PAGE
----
We’ve spoken before about how important bees are to the environment. They help pollinate a lot of our food, but many of them are currently suffering. One specific species of bee is Franklin’s Bumbleblee.

Franklin’s Bumblebee is unique because it is endemic to a very specific, small part of the United States. They are found in northern California and southern Oregon.1 Their range is almost 200 miles running north and south, and 70 miles running east and west.2

Like other species of bumblebee, Franklin’s Bumblebee lives in colonies. Their colonies can range from 50 to 400 workers and they are usually found on the ground.1&2 These bees have a yellow patch on the top of the thorax that looks like a “U” shape where it meets the center of the thorax. The rest of their bodies are black, except for some white at the tip of the abdomen.(Get a look at them here!)

Although these bees don’t have an official listing under the Endangered Species Act, some have called for them to be listed because they haven’t been seen that much over the last two decades. Here’s how many individuals have been seen over the years:2

  • 1998: 94
  • 1999: 20
  • 2000: 9
  • 2001: 1
  • 2002: 20
  • 2003: 3
  • 2004: 0
  • 2005: 0
  • 2006: 1
  • 2007: 0
  • 2008: 0

Because of this, a petition was filed in 2010 to the U.S. Fish & Wildlife Service to ask that these bees be listed at endangered and be given specific critical habitat in order to save them.3 Threats to these bees include:1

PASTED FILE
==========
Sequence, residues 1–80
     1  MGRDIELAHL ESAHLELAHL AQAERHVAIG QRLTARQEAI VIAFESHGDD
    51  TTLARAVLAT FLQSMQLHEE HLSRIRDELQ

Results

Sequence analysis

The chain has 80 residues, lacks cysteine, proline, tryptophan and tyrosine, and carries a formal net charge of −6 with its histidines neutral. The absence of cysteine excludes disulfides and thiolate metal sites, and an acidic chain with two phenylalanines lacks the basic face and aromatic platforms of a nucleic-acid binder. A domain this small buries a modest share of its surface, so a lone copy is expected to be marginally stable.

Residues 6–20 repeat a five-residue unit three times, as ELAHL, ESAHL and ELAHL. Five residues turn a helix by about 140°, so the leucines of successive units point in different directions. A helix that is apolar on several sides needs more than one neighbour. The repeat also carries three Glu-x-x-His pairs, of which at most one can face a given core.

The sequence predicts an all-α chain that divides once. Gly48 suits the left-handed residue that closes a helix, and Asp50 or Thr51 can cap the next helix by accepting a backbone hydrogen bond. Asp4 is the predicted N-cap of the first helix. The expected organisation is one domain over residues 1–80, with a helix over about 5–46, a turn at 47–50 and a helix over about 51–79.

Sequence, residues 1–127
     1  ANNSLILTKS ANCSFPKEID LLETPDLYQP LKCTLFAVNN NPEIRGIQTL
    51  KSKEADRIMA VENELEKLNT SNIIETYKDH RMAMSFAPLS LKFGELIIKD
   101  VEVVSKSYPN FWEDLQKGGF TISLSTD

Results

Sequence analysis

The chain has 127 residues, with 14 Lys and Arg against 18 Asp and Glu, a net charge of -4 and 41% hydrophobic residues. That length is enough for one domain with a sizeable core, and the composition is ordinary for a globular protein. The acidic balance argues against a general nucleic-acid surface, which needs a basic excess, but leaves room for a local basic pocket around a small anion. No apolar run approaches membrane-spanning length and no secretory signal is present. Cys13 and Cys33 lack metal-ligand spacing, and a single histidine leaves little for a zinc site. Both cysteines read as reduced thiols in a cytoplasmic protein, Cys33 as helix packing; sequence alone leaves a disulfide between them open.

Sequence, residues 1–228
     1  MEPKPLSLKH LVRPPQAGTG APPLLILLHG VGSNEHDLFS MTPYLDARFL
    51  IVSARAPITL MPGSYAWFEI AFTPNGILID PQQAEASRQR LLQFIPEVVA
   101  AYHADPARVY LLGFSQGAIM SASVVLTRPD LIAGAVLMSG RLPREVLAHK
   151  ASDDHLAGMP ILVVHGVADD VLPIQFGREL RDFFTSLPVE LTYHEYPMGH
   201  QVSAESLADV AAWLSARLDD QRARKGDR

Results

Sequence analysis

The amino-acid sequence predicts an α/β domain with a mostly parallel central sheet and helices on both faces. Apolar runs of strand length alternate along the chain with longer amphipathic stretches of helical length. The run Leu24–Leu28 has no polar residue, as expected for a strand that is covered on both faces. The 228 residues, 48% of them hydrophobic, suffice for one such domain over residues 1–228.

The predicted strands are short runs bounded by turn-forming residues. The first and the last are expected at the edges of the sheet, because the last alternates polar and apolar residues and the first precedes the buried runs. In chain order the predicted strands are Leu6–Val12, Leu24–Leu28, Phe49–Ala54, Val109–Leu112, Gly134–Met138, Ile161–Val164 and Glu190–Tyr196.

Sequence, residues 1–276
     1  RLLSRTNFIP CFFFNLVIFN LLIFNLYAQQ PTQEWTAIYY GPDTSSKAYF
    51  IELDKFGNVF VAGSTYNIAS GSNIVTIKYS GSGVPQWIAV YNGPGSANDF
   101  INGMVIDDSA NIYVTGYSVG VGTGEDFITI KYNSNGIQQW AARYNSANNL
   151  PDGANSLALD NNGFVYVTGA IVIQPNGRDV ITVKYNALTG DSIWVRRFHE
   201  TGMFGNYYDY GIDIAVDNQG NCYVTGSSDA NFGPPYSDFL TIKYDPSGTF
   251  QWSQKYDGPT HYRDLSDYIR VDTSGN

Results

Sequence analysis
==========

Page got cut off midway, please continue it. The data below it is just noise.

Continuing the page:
• Disease – from commercial bee colonies
  • Habitat loss – from expanded agriculture
  • Pesticides – this especially affects these bees because they are ground-dwelling
  • Invasive plants – these take over habitat of the native plants the bees rely upon

Take a stand for wildlife with us. 

Our goal is to bring awareness about what our nation’s wildlife faces. We do this through our public outreach, our weekly emails, and all of our free online content. We want to make wildlife education as accessible as possible because we know that only good things happen when people better understand the wild world around them.

But we can’t do it without your support. 

When you donate to the Wolf Center, you make a stand for our nation’s carnivores. Often misunderstood, you help spread the truth about these incredibly important animals.

Donate today to the Wolf Center – recurring donations keep us going year-round.



  1. https://www.fs.fed.us/wildflowers/pollinators/pollinator-of-the-month/franklins-bumble-bee.shtml
  2. http://www.xerces.org/endangered-species/species-profiles/at-risk-bumble-bees/franklins-bumble-bee
  3. https://ecos.fws.gov/ecp/species/7022